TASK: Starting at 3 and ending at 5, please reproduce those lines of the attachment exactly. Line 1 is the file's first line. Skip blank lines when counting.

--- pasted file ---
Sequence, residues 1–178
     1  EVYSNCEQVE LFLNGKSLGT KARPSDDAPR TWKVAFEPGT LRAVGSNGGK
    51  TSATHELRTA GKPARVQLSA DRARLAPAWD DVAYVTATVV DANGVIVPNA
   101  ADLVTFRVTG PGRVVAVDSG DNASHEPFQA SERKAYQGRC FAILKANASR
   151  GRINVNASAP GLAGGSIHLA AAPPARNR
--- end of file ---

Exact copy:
    51  TSATHELRTA GKPARVQLSA DRARLAPAWD DVAYVTATVV DANGVIVPNA
   101  ADLVTFRVTG PGRVVAVDSG DNASHEPFQA SERKAYQGRC FAILKANASR
   151  GRINVNASAP GLAGGSIHLA AAPPARNR